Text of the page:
Sardar Vallabhbhai Patel, also known as the Iron Man of India, was one of those leaders who are remembered for their selfless service to the nation. Born on October 31, 1875, he not only played a crucial role in India’s freedom struggle but also a much more instrumental role after the Independence. A lawyer by profession, Patel was an ardent supporter of Mahatma Gandhi. His relationship with Gandhi got deeper during the Kheda Satyagraha in 1918, which was started to seek exemption from payment of the land revenue assessment since the crops had failed.
Praising Patel, Gandhi credited him by saying, “This campaign would not have been carried through so successfully (without him).” In the coming years, Patel actively participated in movements organised by Gandhi.
As the freedom struggle intensified, Patel left his practice for good and started putting his efforts in political and constructive work – touring villages, addressing meetings, organising picketing of foreign cloth shops and liquor shops.
Also read: Sardar Vallabhbhai Patel Death Anniversary: PM Narendra Modi Remembers Iron Man of India
Patel played an important role in Bardoli Satyagraha, launched against the British government’s decision to drastically increase the assessment of land revenue.
In March 1931, Patel presided over the 46th session of the Indian National Congress called on to ratify the Gandhi-lrwin Pact. After Congress performed well in elections to Provincial legislatures, Patel, as chairman of the Congress Parliamentary sub-committee, guided and controlled the activities of these ministries.
Post-Independence, he became the Deputy Prime Minister and was given the charge of Home, States and the Information and Broadcasting portfolios. At that time, he was also entrusted with the task of integration of princely states into India. He lived up to the expectations, uniting more than 550 princely states to build the Republic of India.
He also handled the complicated issue of integration of Hyderabad and Jammu and Kashmir successfully. Apart from this, as the home minister, he successfully managed the law and order situation and brought back peace to a country ravaged by communal strife. He breathed his last on December 15, 1950.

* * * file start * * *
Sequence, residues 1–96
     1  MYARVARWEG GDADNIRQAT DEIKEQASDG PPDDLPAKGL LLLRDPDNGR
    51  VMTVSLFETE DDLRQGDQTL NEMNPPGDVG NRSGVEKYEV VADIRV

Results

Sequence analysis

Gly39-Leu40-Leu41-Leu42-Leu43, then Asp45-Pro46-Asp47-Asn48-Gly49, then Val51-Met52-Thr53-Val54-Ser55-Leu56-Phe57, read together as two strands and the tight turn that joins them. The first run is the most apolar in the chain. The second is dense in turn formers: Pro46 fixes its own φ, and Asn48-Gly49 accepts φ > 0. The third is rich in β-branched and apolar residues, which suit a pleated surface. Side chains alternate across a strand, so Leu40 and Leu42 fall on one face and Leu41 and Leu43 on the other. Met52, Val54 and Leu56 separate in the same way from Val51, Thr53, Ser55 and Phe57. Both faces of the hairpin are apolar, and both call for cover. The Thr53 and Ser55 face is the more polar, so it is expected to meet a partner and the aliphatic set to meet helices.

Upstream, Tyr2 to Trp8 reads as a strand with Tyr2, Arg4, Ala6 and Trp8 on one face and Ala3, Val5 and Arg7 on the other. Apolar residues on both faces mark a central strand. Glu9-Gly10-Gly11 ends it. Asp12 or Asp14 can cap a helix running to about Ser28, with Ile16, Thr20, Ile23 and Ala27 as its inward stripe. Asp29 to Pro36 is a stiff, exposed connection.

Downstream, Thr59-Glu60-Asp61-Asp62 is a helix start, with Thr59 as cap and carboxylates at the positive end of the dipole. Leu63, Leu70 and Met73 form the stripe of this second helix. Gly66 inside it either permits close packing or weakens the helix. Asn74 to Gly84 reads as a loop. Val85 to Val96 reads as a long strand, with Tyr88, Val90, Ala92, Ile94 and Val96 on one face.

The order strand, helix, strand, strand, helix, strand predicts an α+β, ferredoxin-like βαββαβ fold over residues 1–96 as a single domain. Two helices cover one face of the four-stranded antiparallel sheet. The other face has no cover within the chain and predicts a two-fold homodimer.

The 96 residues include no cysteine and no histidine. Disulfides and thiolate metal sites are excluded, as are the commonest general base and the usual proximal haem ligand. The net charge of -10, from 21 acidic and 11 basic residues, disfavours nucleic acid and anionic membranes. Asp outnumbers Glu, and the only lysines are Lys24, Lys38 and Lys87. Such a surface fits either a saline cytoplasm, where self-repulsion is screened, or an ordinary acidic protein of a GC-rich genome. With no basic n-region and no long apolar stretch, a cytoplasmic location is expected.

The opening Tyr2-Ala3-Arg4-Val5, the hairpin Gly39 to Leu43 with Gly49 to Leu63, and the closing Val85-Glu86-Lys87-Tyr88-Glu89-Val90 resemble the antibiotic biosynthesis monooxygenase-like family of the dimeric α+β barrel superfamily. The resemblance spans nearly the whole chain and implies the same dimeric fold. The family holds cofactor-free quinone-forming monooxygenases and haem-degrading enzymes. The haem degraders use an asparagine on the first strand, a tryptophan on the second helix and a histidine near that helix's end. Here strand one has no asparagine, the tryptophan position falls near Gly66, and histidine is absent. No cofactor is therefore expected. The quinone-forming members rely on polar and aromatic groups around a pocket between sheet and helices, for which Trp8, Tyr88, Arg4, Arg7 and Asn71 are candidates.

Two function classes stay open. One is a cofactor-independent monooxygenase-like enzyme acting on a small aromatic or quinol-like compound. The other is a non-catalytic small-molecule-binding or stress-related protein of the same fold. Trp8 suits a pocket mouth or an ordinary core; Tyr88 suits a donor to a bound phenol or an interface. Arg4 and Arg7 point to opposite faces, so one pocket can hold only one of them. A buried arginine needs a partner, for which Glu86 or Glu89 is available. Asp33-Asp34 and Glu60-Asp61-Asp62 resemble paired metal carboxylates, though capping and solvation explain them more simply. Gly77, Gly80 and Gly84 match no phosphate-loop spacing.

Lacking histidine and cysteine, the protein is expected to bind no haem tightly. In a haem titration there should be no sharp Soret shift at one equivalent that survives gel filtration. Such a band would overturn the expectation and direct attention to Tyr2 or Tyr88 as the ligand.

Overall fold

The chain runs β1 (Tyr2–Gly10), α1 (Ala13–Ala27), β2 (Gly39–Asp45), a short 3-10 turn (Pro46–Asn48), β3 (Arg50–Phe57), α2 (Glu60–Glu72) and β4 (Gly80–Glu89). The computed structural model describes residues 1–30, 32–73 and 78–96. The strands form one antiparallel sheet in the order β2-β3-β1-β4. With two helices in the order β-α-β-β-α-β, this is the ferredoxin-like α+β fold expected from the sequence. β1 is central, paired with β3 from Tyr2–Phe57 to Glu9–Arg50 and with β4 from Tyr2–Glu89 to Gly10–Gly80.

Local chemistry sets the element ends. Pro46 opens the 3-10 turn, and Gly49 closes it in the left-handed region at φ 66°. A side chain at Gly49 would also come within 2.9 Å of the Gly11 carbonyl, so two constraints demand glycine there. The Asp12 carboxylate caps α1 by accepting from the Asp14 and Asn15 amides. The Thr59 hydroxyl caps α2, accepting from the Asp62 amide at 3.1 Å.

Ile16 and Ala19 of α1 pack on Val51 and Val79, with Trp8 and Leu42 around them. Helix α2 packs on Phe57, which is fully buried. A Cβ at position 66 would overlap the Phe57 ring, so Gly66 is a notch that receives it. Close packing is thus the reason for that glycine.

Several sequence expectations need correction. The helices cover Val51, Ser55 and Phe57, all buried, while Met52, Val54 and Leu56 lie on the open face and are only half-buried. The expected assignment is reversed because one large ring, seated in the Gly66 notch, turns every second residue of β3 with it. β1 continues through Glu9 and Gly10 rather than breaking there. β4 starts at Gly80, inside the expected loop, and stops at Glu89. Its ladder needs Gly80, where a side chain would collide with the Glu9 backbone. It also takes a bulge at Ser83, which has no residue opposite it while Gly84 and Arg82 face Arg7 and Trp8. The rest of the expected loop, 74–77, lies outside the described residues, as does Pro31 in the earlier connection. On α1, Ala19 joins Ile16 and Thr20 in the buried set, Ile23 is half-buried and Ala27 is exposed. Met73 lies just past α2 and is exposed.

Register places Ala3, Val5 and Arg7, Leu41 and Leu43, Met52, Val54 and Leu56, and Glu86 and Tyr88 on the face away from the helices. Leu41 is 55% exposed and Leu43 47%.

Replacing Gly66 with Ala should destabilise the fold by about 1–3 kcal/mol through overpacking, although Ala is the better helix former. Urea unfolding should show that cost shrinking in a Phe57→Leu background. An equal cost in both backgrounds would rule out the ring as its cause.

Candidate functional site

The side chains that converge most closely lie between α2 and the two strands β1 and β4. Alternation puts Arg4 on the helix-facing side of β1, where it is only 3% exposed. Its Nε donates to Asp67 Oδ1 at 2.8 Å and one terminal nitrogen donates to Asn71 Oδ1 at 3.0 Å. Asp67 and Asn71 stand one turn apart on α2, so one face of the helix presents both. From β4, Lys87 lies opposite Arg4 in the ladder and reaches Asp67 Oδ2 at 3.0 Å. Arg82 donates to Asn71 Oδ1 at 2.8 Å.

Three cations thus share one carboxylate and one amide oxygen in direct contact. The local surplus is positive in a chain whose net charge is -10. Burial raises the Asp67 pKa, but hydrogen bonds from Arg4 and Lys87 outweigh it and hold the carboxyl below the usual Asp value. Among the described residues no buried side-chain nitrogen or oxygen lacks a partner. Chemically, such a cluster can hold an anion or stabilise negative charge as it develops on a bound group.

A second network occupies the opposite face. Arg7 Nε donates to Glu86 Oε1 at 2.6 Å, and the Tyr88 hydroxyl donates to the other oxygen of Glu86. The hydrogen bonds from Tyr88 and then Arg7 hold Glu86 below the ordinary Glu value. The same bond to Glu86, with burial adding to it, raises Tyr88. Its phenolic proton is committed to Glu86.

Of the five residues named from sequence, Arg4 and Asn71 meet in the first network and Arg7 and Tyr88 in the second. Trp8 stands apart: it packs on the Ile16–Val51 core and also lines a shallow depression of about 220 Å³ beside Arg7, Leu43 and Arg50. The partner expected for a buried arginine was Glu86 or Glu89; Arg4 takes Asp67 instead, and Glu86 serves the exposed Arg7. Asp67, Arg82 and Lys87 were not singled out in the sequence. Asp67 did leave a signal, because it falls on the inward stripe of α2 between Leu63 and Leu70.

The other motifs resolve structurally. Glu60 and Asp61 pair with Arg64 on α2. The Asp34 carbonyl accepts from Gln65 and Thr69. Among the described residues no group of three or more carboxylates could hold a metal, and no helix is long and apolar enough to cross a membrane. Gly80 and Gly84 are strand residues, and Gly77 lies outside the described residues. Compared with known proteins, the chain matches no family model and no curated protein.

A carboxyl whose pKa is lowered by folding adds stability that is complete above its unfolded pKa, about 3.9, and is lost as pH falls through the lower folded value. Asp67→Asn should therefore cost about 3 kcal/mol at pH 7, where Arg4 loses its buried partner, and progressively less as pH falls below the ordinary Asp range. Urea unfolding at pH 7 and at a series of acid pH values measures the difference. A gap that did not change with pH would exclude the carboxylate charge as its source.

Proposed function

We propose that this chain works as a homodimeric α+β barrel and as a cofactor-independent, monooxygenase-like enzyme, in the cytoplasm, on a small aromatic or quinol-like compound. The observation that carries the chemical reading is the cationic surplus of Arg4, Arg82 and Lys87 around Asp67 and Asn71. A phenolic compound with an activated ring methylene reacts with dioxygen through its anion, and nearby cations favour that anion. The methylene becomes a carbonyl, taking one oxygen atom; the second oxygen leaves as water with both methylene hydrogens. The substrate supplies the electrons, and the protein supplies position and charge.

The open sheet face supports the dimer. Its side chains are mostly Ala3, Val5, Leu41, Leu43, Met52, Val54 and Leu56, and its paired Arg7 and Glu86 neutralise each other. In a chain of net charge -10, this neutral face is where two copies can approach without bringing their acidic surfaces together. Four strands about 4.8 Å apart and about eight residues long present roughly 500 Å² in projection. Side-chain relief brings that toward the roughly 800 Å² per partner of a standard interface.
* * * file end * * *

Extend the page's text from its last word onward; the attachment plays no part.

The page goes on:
Let’s take a look at some of the lesser-known facts about the personality, who shaped India in the 20th century.
1. Patel was one of the top senior leaders of the Indian National Congress (INC). He became India’s first Deputy Prime Minister after the Independence in 1947.
2. He was also appointed as the first Home Minister of Independent India. Besides this, he also oversaw the ministry of information and ministry of states.
3. Patel passed his matriculation at the age of 22. Initially, he wasn’t interested in politics but after meeting Gandhiji in Godhra in 1917, he quit his job and joined INC and became party’s secretary of the Gujarat Sabha.
4. Patel travelled to England when he was 36 years old, and enrolled in a three-year course at the Middle Temple in the Inns of Court. Despite having no previous college experience, he completed the course within 30 months and qualified as a barrister.
5. During the time of plagues and famines in India, he joined the movement to fight for exemption of taxes in Kheda at Gandhi’s call.
6. He was an instrumental part of Gandhi’s Non-Cooperation Movement. He travelled extensively around West India in order to recruit 3,00,000 members. He also collected over Rs 1.5 million for the party fund.
7. He spread awareness across the nation extensively against untouchability, caste discrimination, alcohol consumption, and for women empowerment.
8. During the imprisonment of Mahatma Gandhi, Patel led the Satyagraha movement in Nagpur in 1923, which was against the British law of banning the hoisting of the Indian Flag.
Sardar Vallabhbhai Patel, without a doubt, was one of the most influential figures of India in the 20th century. To honour his legacy, ‘Statue of Unity’ – world’s tallest statue- was unveiled in 2018. It is located on the banks of Narmada river in Gujarat.
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